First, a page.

Comic book legend Dennis “Denny” O’Neil turns 75 today. O’Neil is a popular comic book writer and editor, having contributed at both DC and Marvel from the 1960s to the 199os, and would later become Group Editor for DC’s Batman family of books. He is widely known in the comic book world as a long-time writer of Batman with artist Neal Adams, and for the popular Green Lantern/Green Arrow series, both of which were highly acclaimed for expanding the level of storytelling inside the comic book industry. He’s also credited with being the person who named Optimus Prime. Today, he sits on the board of directors of The Hero Initiative, the first federally recognized non-profit organization that helps comic book creators, writers, and artists in need, providing them with health, medical, and quality-of-life assistance.
Denny O’Neil was born May 3, 1939 in St. Louis, Missouri. He graduated from St. Louis University with a degree in English Literature, with studies in Creative Writing and Philosophy. Upon graduation, he joined the U.S. Navy just in time to participate in the Cuban Missile Crisis in 1962. After leaving the Navy, O’ Neil found work at a newspaper in Cape Girardeau, Missouri, and wrote bi-weekly columns about the revival of the comics industry. These columns caught the attention of one Roy Thomas, who was working at the newly christened Marvel Comics alongside Stan Lee, and who would himself later become a legend in the industry . Thomas brought him on board and had him take the Marvel writer’s test, which involved adding dialogue to a drawn but otherwise empty page of a Fantastic Four comic. O’Neil had never really considered writing for comics prior to the writer’s test, and he was quoted as saying that he had done it, “as kind of a joke. I had a couple of hours on a Tuesday afternoon, so instead of doing crossword puzzles, I did the writer’s test.”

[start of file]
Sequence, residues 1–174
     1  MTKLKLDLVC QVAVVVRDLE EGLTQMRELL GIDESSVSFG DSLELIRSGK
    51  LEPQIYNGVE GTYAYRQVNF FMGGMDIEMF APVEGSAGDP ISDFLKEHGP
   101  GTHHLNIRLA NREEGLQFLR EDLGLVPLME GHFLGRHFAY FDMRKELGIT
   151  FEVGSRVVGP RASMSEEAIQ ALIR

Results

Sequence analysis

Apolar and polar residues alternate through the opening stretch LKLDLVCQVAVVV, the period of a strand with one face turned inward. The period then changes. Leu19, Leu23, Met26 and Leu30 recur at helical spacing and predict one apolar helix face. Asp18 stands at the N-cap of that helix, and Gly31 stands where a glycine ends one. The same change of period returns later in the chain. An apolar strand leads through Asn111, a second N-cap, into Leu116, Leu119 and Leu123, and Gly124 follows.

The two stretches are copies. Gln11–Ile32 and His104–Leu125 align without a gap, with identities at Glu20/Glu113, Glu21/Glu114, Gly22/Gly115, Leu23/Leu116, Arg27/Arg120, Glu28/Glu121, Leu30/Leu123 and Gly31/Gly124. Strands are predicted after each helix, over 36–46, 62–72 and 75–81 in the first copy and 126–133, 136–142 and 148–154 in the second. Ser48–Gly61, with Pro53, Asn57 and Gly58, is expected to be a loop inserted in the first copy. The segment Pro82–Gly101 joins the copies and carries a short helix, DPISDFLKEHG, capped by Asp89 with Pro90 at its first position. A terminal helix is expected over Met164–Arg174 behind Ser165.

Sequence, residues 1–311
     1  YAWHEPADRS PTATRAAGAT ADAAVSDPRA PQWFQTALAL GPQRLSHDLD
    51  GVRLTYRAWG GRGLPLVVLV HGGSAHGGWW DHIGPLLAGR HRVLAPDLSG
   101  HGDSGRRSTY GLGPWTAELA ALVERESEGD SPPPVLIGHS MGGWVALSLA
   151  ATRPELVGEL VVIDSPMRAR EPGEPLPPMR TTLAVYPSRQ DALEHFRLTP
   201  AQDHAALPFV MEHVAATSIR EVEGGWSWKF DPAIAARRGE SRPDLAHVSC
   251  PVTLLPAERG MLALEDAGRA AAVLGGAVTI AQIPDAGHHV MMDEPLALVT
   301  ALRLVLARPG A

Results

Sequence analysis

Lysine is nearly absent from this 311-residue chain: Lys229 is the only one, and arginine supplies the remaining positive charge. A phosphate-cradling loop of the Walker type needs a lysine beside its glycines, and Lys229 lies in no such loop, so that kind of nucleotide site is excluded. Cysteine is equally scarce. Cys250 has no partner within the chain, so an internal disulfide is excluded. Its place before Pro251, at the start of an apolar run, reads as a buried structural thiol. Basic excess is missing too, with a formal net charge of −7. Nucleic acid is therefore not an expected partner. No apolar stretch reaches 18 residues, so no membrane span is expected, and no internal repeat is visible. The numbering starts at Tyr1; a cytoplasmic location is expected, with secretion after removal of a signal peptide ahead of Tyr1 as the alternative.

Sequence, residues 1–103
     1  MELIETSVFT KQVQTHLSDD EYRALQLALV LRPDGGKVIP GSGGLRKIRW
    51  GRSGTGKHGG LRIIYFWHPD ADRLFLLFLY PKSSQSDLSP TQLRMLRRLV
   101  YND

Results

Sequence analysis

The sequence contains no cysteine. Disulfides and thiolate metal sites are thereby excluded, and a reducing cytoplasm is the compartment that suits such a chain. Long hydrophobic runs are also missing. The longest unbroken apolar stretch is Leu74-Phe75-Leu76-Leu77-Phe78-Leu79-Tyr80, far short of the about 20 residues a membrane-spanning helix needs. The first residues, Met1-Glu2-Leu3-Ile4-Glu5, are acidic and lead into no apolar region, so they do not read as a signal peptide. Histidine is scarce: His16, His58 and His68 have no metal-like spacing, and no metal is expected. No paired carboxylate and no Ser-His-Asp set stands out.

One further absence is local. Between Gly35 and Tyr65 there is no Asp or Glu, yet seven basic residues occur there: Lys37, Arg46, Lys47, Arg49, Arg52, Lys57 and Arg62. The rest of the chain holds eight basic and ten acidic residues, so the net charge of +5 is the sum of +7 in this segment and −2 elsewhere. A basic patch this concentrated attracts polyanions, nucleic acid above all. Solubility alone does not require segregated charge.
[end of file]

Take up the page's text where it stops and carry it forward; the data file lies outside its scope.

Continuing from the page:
When Marvel’s popularity began to soar, and Stan Lee realized that he wouldn’t be able to write all of Marvel’s current line by himself, he passed as much of it as he could to Roy Thomas. But Marvel was still desperate for writers, so Thomas put O’Neil to writing six issues of Doctor Strange in Strange Tales. He also wrote issues of The Rawhide Kid and Millie the Model, as well as the last 13 pages of dialogue for a Stan Lee-plotted Daredevil #18 after Lee went on vacation. And it would be O’Neal and artist Neal Adams, who would later work together at DC on one of the most memorable Batman runs in history, and who would revive Professor X in X-Men #65. But O’Neil would later leave Marvel after writing jobs became scarce, and he took a job at DC after Dick Giordano was hired as editor. There, he worked on Wonder Woman, and then Justice League of America. He would be more successful with his work on Justice League of America, where he would lay the groundwork for his popular, hard-travelin’-heroes saga in Green Lantern/Green Arrow.